Let $X$ be a two dimensional smooth projective irreducible variety with $Y$ a finite set of points on $X$. Let $\widetilde{X}$ be the blowup of $X$ along $Y$. Then $$ H^k\left(\widetilde{X}\right) \simeq H^{k-2}(Y) \oplus H^k(X). $$

I'll be present the full version below, but it's far easier for the two-folds, and just follows from topological Poincare duality, so lets finish up the examples first! With duality, we need only work out

$$ H^0\left(\widetilde{X}\right) \simeq H^{-2}(Y) \oplus H^0(X), $$ $$ H^1\left(\widetilde{X}\right) \simeq H^{-1}(Y) \oplus H^1(X), $$ and $$ H^2\left(\widetilde{X}\right) \simeq H^{0}(Y) \oplus H^2(X). $$

Now $H^{-2}(Y) = H^{-1}(Y) = 0$, so the only change the blowup has in cohomology is on $H^2$. (As per your question, note that $H^{2,2}\left(\widetilde{X}\right) \simeq H^{0,0}\left(\widetilde{X}\right)$ so this shows there are no $(2,2)$-classes coming from the blowup.)

For $H^0(Y)$, note that each point has a $(0,0)$-class, so each point contributes 1 class in $H^{1,1}\left(\widetilde{X}\right)$ as desired.

In example two, recall we had two fixed points to blowup, lying above the original fixed points, so there are 18 $(0,0)$-classes coming in to the final numbers.

The full SGA result is as follows:

Let $X$ be a smooth projective irreducible variety of dimension $n$, and let $Y_1,\ldots,Y_r \subset X$ be mutually disjoint closed irreducible subvarieties of $X$ of codimension $d\geq 2$. Let $Y$ be the union of the $Y_i$ and let $\widetilde{X}\to X$ be the blowup of $X$ along $Y$. Then $$ H^k\left(\widetilde{X}\right) \simeq H^{k-2}(Y) \oplus \cdots \oplus H^{k-2(d-2)}(Y)\xi^{d-2} \oplus H^k(X), $$ where $\xi$ represents the line bundle $\mathcal{O}(1)$. (This is how you can define Chern classes, using the $\xi^i$ as a basis for the cohomology of the blowup - or any vector bundle in general - if you've seen these before.)

So above, with the nice two-fold examples, the $\xi$ terms were not necessary as the exponents aren't big enough.

Note though, that as any $n$-fold product of elliptic curves (or curves in general) only has fixed points in the singular locus, so you'll only get $(1,1)$-classes in the resolution. You have to look at more exotic construction, like $E\times S/\mathbb{Z}_2$ where $E$ is an elliptic curve and $S$ is a surface, where the fixed locus on $S$ may now have curves, so you'll find $(2,1)$-classes in the resolution, and more and more complicated fixed loci (can) give higher classes in the cohomology. (Because of your tags, I'll mention the $E\times S$ case is the classic Borcea-Voisin construction when $S$ is a K3 surface and the involutions are non-symplectic.)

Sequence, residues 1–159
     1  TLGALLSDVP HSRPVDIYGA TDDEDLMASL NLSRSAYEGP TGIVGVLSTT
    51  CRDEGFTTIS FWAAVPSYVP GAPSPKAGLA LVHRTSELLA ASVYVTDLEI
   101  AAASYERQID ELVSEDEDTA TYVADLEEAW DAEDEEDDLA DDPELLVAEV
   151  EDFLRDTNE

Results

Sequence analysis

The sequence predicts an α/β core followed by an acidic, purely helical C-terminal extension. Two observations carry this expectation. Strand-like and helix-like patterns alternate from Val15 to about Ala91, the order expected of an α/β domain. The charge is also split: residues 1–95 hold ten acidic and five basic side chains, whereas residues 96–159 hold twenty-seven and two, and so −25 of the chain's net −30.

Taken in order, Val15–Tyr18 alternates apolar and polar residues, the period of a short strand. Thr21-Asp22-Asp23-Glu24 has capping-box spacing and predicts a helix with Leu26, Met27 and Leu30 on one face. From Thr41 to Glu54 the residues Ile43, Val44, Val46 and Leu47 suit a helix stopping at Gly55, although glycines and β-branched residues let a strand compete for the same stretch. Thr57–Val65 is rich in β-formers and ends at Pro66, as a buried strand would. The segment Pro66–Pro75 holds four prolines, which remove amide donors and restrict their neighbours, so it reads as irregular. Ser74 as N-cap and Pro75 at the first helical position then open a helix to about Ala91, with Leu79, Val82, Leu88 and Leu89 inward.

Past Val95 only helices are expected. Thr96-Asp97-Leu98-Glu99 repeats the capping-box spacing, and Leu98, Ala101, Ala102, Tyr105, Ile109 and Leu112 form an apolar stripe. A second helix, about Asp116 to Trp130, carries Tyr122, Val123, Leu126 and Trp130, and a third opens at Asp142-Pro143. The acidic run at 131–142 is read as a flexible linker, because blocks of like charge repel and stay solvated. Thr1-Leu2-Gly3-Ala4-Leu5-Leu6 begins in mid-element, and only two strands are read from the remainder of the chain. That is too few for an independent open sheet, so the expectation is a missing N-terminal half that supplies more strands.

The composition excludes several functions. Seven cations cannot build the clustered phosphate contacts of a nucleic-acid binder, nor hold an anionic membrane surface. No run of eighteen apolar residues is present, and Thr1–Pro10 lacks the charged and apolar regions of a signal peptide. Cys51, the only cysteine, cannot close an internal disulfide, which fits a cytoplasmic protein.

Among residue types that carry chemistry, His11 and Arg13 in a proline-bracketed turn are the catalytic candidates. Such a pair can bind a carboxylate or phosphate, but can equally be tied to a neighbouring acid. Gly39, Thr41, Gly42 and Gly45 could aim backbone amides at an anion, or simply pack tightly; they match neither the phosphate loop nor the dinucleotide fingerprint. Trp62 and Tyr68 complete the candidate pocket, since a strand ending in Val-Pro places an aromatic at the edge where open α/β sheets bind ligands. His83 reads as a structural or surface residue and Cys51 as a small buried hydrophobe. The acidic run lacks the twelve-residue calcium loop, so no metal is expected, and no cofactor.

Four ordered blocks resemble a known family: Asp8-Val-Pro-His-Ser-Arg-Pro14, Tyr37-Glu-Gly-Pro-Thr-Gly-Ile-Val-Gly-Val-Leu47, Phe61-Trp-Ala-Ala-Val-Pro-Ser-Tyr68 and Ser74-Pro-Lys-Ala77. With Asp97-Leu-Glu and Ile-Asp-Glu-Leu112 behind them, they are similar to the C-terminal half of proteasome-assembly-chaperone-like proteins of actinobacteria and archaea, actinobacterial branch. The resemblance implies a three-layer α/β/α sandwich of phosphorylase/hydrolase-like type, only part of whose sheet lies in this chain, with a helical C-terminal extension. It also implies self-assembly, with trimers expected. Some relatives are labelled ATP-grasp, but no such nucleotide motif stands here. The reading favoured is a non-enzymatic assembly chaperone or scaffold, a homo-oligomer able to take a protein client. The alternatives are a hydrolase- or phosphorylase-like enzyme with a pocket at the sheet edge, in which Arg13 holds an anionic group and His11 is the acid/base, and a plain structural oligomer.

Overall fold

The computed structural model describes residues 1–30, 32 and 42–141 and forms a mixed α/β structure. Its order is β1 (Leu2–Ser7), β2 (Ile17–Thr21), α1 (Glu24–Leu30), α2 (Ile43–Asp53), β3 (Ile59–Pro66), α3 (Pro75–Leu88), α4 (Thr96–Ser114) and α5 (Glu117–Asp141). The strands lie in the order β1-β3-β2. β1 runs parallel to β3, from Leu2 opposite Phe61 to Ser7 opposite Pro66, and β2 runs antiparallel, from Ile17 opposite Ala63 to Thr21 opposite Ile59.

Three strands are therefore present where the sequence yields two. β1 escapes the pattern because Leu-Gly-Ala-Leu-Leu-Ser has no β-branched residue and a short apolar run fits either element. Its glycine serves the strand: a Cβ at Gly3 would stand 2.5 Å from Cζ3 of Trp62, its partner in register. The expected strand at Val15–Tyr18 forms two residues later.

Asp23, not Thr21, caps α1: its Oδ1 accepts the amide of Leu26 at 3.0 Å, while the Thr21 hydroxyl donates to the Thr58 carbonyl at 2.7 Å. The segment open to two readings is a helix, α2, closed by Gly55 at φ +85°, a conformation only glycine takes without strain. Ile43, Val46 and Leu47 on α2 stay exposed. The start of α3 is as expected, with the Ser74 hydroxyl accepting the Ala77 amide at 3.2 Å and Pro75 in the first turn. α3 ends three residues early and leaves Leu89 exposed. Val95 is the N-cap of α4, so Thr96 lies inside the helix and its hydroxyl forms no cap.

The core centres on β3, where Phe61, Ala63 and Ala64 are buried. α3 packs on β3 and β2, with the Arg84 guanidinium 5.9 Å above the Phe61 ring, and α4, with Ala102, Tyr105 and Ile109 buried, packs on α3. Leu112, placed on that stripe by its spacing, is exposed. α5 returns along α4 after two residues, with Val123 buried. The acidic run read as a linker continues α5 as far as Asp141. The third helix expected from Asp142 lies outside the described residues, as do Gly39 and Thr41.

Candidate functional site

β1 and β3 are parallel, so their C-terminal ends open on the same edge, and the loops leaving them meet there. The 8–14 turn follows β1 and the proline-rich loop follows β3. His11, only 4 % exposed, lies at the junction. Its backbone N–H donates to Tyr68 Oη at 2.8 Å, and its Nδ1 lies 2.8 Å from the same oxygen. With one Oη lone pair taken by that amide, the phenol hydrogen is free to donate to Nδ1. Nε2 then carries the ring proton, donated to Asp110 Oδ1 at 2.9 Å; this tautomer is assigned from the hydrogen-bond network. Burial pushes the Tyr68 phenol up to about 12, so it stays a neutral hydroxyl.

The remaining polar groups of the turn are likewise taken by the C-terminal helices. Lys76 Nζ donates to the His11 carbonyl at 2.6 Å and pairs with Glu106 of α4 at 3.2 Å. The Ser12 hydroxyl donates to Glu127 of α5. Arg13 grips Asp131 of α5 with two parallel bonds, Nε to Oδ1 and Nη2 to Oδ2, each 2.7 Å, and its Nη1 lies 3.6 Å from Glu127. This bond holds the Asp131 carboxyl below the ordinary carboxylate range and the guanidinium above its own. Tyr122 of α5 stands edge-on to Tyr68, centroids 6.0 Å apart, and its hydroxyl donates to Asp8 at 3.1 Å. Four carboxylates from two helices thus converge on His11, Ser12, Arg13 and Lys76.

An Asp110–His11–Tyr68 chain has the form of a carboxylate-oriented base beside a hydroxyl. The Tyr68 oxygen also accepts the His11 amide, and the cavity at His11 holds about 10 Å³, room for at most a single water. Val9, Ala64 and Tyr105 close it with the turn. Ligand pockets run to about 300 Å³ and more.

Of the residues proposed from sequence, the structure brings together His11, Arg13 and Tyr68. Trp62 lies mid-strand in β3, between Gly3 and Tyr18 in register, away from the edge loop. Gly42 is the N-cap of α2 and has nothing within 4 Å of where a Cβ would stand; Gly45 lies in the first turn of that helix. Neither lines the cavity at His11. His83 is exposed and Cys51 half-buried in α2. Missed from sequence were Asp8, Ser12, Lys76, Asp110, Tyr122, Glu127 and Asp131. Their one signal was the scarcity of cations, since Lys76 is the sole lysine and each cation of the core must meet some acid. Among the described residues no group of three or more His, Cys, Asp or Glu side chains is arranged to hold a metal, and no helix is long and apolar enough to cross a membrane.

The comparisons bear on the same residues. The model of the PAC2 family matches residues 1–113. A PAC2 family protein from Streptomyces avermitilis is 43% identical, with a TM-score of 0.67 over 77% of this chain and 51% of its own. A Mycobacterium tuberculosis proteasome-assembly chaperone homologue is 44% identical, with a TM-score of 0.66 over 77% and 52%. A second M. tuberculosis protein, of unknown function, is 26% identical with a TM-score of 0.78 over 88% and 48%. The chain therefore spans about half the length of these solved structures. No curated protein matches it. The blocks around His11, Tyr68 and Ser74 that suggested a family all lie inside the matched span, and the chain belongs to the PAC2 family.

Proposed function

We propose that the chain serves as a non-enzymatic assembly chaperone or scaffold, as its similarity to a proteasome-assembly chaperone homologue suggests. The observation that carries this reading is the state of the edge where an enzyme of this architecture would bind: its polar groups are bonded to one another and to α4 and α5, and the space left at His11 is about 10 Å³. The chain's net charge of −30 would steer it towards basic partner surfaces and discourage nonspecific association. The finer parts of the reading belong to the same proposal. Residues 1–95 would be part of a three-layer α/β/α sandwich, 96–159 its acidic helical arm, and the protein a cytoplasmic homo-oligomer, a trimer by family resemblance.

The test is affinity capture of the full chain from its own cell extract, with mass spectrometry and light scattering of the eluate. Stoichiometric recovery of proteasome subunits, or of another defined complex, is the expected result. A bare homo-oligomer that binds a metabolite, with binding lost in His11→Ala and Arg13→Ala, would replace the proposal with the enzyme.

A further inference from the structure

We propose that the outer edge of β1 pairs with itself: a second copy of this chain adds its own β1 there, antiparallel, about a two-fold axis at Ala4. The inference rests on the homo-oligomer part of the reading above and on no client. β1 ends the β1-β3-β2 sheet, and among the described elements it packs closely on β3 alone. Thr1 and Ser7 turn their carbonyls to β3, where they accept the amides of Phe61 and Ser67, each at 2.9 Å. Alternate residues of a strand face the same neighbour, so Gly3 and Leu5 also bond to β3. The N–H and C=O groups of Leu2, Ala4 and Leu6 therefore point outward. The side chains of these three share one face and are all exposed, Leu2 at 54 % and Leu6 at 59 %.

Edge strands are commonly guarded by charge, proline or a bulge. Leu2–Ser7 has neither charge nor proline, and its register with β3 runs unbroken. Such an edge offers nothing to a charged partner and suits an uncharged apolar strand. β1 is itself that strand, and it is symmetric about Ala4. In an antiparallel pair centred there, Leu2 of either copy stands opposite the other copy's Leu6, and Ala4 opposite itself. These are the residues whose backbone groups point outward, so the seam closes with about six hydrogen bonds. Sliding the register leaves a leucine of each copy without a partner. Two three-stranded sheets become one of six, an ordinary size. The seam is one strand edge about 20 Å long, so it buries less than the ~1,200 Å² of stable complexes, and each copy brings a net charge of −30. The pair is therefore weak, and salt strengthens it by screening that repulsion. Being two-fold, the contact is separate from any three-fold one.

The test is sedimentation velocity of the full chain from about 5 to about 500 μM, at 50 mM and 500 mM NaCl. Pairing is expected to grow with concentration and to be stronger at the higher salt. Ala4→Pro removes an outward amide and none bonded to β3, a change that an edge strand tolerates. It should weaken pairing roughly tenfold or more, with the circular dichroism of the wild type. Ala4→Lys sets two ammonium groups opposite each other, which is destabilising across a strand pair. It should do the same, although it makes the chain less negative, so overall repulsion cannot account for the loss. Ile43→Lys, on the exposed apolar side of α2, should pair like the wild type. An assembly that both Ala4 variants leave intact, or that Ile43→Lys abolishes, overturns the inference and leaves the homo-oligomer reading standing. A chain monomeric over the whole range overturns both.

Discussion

Added: Let's look at the second blowup explicitly. We know the action of $\mathbb{Z}_3$ on the two tori induces an action on the respective $1$-forms of multiplication by $\omega$ and $\omega^{-1}$. To find how this affects the blowup, we need to see what the action on the tangent space of a fixed point is. Note these 1-forms give us a basis for the cotangent space of each torus, which is isomorphic to the tangent space (which in general takes the transpose action, but in our one dimensional case that means it's the same action) so the $\mathbb{Z}_3$ action induces multiplication by $\omega$ and $\omega^{-1}$ on the respective tangent spaces.

To make things a little simpler, lets give our (complex) two-fold a name, let $$ X = T^2\times T^2/\mathbb{Z}_3. $$

Thus, the blowup of an affine chart about a fixed point (which we can set as the origin) can be written as $$ \widetilde{X} = \left\{\Big((x,y),[u:v]\Big) \mid xu = vy\right\} \subset \mathbb{A}^2\times \mathbb{P}^1, $$ the $\mathbb{P}^1$ being what we've added in the blowup. To double check this is correct, note that any point $(x,y)\neq (0,0)$ has a single pair $[u:v]$ satisfying the condition $xu=vy$, whereas the origin $(x,y)=(0,0)$ has the entire $\mathbb{P}^1$ satisfying $xu=vy$, so we really do have a manifold that corresponds one-to-one with $X$, away from the singularity, and the $\mathbb{P}^1$ lies above the fixed point.

Aside: This $\mathbb{P}^1$ arises because it is the (projectivization of the) normal bundle of the singular point on $X$. In general, if you blowup a $d$-dimensional submanifold on an $n$-dimensional manifold, you get a $\mathbb{P}^{d-1}$ lying above the locus you are blowing up. (E.g., on a surface, blowing up a curve gives a $\mathbb{P}^1$ lying above each point on the curve, whereas blowing up a point gives a $\mathbb{P}^2$ lying above the point.) The idea of blowing up in general is (loosely) you want to add all the information `coliding' at the singularity. If you've never seen much about the resolution of singularities, I recommend glossing the Wiki page as it gives a nice description of blowing up projective space, affine space, complex manifolds, and (perhaps best to ignore) the heavy schemes way.